Once more, fans were divided over something: The Wind Waker’s graphic style. Many people praised the game’s cartoon style, screaming that it’s adding to the series, while the rest either didn’t care or hated it to no end. Finally, when the Wind Waker hit store shelves in March of 2003, it scored a tremendous three million copies sold, still not out-selling Ocarina of Time. However, it still had much more hype behind it than the recent 2D titles before the Wind Waker, and the sales show it.
Next up in this history lesson is a little 2D game titled The Legend of Zelda: Four Swords. Released with a Game Boy Advance re-release of A Link to the Past, Four Swords ultimately became the most-overlooked Zelda title in the franchise’s history. This was due in part not only because it had The Wind Waker-style graphics, but it was a multiplayer title. You needed people to play the game with. This was an automatic turn-off for fans of the series.
With no new 3D Zelda games in the forecast, Nintendo put out a 2D title…for the Gamecube. The Legend of Zelda: Four Swords Adventures was released in 2004. This time, a Zelda game could be played alone or with friends. Ultimately, the game failed to spark anything for the series or it’s fan like Ocarina of Time or The Wind Waker could.
In most recent Zelda history, all the way back at E3 2004, a new 3D Zelda game was announced. Only a 3D Zelda game could cause a huge spark for Zelda fans now. This new installment, with even more realistic Ocarina of Time graphics, seemed to be the ‘savior’ for the series since fans paid almost no attention to any of the Four Swords games, or the graphic style of The Wind Waker, which was eventually used again in yet another over-looked title released in 2005 called The Minish Cap.
With a new 3D Zelda game on the rise and the popularity of 2D Zelda games decreasing, all Zelda fans saw was the new 3D game, soon to be titled ‘Twilight Princess’.
Almost inevitably, Twilight Princess was delayed on August 16th, 2005, more than a year after the game was announced. After this initial delay, Zelda fans would not see the game for more than a year, when it was finally transferred to the Nintendo Wii from the Gamecube.
However, throughout the course of the long wait for Twilight Princess, Nintendo released the DS, the successor to the Game Boy franchise. The DS was capable of doing 3D on the go, so to speak. Inevitably, a Zelda title was announced for the Nintendo DS. Since the DS was the successor the Game Boy, you’d think this would be a 2D Zelda title, right? WRONG!
It’s happened, folks. Even on a handheld system, Zelda is no longer 2D. Also, finally, I’ve come to the main point of this article. 2D Zelda games are no longer a mainstay for the series, and the Zelda title for the DS, Phantom Hourglass, proves it.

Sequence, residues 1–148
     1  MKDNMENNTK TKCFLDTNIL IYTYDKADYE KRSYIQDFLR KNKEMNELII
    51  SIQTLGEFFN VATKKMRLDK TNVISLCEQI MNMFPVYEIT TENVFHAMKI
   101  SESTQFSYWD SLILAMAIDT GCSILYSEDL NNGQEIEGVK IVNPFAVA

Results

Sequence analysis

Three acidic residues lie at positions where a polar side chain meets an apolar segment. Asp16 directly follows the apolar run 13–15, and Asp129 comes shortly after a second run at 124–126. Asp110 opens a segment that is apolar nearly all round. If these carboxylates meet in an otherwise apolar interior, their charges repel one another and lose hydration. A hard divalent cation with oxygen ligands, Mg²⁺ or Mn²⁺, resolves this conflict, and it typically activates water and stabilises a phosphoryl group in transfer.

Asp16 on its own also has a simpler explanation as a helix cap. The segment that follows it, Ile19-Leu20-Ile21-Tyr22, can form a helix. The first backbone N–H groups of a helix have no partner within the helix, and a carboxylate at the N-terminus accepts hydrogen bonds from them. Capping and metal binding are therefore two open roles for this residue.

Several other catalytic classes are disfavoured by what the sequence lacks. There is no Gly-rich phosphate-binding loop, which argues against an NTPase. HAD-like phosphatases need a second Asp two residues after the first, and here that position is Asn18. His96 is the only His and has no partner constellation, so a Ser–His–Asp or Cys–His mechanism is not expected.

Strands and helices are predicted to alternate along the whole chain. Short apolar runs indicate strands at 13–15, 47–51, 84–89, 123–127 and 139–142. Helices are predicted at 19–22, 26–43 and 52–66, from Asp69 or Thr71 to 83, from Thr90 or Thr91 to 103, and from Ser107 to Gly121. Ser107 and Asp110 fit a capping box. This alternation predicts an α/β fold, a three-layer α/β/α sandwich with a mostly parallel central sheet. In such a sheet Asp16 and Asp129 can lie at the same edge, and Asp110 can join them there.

Perhaps it’s just the trend of the video game industry, or perhaps it’s because of declining sales, this article makes a point. It shows that Zelda, through every form it’s gone through, has it’s roots in 2D. But, could it really have been diminished? The hype for 2D Zelda games? Let’s face it, though, all 2D Zelda games after Ocarina of Time were either shadowed by a 3D release or not cared about because of graphics, or the hype of another Zelda game overshadowed it.
For Phantom Hourglass, this is the case. Right now, it’s being shadowed by Twilight Princess hype-wise and graphics wise, since the game has The Wind Waker’s controversial graphic style. And, get this, Phantom Hourglass is not even 2D!
So, what am I trying to say? What Zelda actually is, a collection of 2D masterpieces, is finally being shifted and cemented into the world of 3D. It’s being shown on Nintendo’s newest and best consoles to date. But, these handheld titles are proving to be underdogs, almost.
What road might 2D Zelda games and Zelda handhelds take? Well, Phantom Hourglass could either make or break the 2D aspect of the franchise, believe it or not. How? For the past 6 years, 2D Zelda games have been released on handheld systems. If Phantom Hourglass proves to be yet another possible failure like some of the other 2D titles were, Nintendo may even do away with them. Nintendo is still a company and they need to make some profit off whatever they make or publish, you know.
Only time can tell what becomes of 2D Zelda games. Of course all of them have been some of the best experience when it comes to the Legend of Zelda, they still need to generate money. Making games isn’t cheap and Nintendo definitely knows that. The popularity of the 2D titles has declined over the years, thanks to 3D titles. Perhaps this is why Phantom Hourglass is in 3D, the first 3D Zelda on a handheld. Maybe Nintendo is trying to appeal to more people with new 3D graphics instead of the older, 2D look of the NES, SNES, and Gameboys.